The team continued to discuss the financial model of HIEs and how they may evolve post-COVID-19. Will there be more government funding after COVID-19 calms down? Maybe, but there are a lot of people in need and the general funds at the state level are tapped. There may be some federal programs that look toward automation to cut down on some of he manual processes that are still eating up resources. There may be other non-government revenue streams that open up either with employers or by offering telehealth services at the HIE level.
Jocelyn pointed out that while streamlining and making data liquid in general (whether through HIEs or just better adoption of APIs in general) is a money saver for health systems and payers, patients also win through getting better, more informed care and ultimately leading to better outcomes.
Part 2 of this conversation is coming soon!
Part 2, Ep. 3: Healthcare and the LawOur guest, David Szabo, Co-Chair of the Health Care practice, a Partner in the Corporate and Transactional Department, and a member of the Privacy & Cybersecurity Practice Group with Locke Lord, LLP continues the discussion with our regular panel of senior health IT consultants, Ken Kleinberg, Jocelyn Keegan and Gary Austin to dish on Health IT and the Law.
The panel and guest, David Szabo, continued the discussion from Part 1 by shifting the focus to the complexities of price transparency. Not only with what data is needed to provide meaningful information about the price patient's can expect to pay but to how widely this information should be expected to be shared without crossing a line to reveal contract details that companies may feel are proprietary. There has been a push by this administration to increase transparency of contract prices as well. This has been responded to in a patchwork of approaches. Ultimately, the panelists and guest agreed that the importance and impact of price transparency on patients is different in situations whether the patient is experiencing a chronic illness or an acute episode. When a patient is in the middle of an emergency shopping around for price goes out the window. Price transparency for chronic or scheduled elective procedures may be where work around meaningful price transparency will progress more quickly.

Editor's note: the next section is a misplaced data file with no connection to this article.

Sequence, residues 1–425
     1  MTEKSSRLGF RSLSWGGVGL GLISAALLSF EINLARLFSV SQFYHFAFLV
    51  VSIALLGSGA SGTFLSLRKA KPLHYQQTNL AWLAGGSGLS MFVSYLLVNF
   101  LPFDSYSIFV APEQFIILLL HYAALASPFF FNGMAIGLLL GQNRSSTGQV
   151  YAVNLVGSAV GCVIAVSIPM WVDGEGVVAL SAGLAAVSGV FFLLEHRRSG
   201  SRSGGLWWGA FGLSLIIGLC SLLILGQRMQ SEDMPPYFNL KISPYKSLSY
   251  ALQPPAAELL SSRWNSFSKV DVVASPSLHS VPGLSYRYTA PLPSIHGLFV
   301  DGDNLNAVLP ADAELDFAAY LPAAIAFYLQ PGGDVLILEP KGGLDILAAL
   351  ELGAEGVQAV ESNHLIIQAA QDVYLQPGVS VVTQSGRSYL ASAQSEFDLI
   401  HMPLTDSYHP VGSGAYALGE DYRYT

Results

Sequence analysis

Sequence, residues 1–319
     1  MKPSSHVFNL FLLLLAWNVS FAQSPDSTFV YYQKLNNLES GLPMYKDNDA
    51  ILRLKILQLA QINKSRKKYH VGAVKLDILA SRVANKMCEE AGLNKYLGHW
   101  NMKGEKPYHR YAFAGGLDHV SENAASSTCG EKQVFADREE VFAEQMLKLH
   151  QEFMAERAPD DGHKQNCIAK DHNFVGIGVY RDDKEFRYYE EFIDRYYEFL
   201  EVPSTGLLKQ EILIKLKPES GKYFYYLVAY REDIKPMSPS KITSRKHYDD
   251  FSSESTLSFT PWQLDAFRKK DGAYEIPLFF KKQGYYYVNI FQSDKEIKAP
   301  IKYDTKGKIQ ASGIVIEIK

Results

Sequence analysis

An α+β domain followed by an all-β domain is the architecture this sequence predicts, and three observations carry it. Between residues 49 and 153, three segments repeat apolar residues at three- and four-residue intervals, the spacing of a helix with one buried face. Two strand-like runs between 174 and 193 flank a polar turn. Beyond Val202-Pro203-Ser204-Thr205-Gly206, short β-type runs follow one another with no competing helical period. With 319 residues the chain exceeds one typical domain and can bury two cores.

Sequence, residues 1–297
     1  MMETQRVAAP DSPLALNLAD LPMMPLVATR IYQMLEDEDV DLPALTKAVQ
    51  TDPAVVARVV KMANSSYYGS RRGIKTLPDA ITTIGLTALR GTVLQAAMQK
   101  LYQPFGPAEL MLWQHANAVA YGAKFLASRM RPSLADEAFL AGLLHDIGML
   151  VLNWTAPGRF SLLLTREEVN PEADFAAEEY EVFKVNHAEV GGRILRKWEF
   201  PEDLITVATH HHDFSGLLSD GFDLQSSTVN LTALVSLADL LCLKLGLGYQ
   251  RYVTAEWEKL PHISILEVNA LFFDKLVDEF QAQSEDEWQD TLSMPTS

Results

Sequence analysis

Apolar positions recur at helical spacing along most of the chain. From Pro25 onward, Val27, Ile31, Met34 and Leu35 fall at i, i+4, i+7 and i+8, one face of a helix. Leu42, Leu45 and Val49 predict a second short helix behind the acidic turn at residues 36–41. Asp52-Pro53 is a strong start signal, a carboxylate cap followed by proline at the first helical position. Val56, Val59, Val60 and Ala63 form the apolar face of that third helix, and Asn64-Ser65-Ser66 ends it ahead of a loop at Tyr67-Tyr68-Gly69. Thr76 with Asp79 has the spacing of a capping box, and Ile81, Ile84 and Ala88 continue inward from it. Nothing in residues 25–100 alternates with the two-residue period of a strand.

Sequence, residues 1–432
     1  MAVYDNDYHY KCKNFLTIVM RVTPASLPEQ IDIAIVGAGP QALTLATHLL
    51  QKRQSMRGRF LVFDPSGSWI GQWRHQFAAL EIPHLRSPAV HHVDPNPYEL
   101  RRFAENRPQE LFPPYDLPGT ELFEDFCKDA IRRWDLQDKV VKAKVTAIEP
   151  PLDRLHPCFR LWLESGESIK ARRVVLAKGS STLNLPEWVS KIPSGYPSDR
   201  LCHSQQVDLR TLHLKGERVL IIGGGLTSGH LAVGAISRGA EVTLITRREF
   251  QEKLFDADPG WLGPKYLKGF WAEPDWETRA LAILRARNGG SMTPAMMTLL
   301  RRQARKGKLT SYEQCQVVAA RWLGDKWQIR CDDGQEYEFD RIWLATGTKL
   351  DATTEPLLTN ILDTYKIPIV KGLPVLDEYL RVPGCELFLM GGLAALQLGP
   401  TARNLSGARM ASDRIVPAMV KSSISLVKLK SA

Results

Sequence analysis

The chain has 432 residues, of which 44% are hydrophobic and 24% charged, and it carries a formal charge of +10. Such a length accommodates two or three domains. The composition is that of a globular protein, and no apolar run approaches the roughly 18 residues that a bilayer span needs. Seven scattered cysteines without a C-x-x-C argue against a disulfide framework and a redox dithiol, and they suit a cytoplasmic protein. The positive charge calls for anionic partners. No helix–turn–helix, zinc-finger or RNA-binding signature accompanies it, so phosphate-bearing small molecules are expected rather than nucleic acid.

The panelists and guest then moved to discuss data privacy and patient consent. As patients begin to adopt 3rd party health apps and consent for their physicians to share their data with these 3rd party applications, data privacy no longer falls under HIPAA. Physicians may play a role in encouraging patients to carefully read privacy policies for these apps, however, physicians ultimately don't have any control over what the patient chooses to do with their data. The discussion talked about the philosophy driving these rules is the fervent belief that the more data patients have, the better decisions they will make which remains to be seen.